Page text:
We return to the blog entries talking about an aspect as important as it is unknown to the general public, such as the microbial biodiversity of the soils of arid zones. In this entry we summarize recent research that sheds light on the biodiversity hidden beneath our feet, how the immense variety of species that live in the soil is “shared out”, and what we hope will be their responses to the climate change in which we are immersed.

Soil, a component of terrestrial ecosystems as fundamental as it is unknown, not only supports (almost) all of our activities and is the place where 95% of all the world’s food is produced, but it is also an incredible reservoir of biodiversity.

It is estimated that a spoonful of soil harbours more organisms than human beings populate our planet, a “hidden” biodiversity among which we are going to find thousands of species of bacteria, fungi, arches, nematodes, protists, arthropods?

Edaphic biodiversity is of vital importance for the sustenance of life on our planet. Bacteria and soil fungi provide us with some of the most important ecosystem services provided by terrestrial ecosystems.

These microorganisms play a key role as decomposers of organic matter in natural and agricultural ecosystems, thus controlling an essential process for maintaining soil fertility, which is in turn fundamental for producing food, which also regulates the soil’s ability to act as a sink for the CO2 we emit into the atmosphere by burning fossil fuels.

The fungi that live in the soil are also important for us because of their gastronomic value, they give rise to the well-known and appreciated mushrooms and yeasts -a type of fungus- control the fermentation of bread, wine and beer, economic -some species help plants to capture water and nutrients and others are important agricultural plagues-, and medical -they are a source of antibiotics as important as penicillin-.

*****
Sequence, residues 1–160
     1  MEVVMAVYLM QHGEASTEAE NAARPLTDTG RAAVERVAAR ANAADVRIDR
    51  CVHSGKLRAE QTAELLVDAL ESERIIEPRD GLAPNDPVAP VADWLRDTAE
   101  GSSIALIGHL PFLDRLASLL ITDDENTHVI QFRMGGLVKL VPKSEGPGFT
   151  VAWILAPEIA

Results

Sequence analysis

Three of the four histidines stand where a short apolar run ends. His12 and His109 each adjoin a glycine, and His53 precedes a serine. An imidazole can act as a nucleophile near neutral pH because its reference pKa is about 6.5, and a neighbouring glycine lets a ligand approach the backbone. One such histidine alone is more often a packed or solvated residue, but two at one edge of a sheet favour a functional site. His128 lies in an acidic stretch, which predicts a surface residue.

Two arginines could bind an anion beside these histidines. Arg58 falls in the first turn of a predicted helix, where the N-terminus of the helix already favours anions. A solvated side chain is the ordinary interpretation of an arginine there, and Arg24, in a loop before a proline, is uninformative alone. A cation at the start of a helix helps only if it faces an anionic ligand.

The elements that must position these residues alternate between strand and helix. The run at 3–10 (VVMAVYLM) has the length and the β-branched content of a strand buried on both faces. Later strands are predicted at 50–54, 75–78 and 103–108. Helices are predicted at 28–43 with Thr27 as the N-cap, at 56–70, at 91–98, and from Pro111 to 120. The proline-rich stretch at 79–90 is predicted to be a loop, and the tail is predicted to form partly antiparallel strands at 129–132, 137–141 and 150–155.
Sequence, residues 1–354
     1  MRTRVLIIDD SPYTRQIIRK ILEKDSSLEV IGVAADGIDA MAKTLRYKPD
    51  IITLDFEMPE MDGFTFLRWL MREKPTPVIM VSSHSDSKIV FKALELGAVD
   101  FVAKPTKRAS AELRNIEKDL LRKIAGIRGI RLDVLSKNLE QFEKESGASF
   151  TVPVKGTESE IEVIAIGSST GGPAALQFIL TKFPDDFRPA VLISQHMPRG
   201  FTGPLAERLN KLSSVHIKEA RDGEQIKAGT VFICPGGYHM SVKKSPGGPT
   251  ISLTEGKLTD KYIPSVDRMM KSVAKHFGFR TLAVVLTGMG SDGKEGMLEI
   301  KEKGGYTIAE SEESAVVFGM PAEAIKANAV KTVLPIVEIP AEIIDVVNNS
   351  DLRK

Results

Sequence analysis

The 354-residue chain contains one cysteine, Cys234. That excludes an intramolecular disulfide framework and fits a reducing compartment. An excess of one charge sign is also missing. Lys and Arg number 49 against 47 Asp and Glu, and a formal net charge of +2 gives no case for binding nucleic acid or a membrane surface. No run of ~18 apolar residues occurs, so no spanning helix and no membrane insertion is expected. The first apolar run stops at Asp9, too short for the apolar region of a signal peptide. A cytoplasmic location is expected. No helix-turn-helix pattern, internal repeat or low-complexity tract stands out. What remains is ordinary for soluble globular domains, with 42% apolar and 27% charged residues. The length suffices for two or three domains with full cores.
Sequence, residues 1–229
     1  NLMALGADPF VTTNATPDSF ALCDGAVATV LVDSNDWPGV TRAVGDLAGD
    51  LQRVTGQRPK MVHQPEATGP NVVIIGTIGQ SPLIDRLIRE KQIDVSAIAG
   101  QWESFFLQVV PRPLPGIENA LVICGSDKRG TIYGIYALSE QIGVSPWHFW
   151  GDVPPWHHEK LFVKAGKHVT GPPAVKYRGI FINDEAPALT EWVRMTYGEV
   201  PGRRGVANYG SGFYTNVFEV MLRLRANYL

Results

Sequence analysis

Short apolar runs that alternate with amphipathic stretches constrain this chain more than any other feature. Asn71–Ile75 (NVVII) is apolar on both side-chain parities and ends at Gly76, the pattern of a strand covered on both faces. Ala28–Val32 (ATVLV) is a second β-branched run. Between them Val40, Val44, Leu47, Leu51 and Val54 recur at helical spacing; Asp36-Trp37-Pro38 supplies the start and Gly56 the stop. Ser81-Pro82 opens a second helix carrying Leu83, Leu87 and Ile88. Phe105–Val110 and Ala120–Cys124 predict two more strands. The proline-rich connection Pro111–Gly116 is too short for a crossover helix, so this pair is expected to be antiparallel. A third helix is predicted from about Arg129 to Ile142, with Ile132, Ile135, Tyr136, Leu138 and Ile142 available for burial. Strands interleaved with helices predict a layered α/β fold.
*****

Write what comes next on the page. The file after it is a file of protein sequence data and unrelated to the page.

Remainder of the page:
Due to their ubiquity and importance, in order to better understand the consequences of climate change and establish effective adaptation and mitigation measures, it is essential to know the effects that the increase in temperature and the changes in rainfall patterns will have on soil bacteria and fungi as well as on the ecosystem processes that depend on these organisms.

Despite the importance of soil bacteria and fungi, knowledge about the distribution and ecology of these microorganisms is still scarce, and one of the factors responsible for this is their high diversity and the difficulties associated with their identification and study.

Despite these difficulties, the advances made in genomic sequencing techniques and in the study of DNA have allowed us to begin to open up this “black box” which until very recently was the microbial biodiversity of the soil.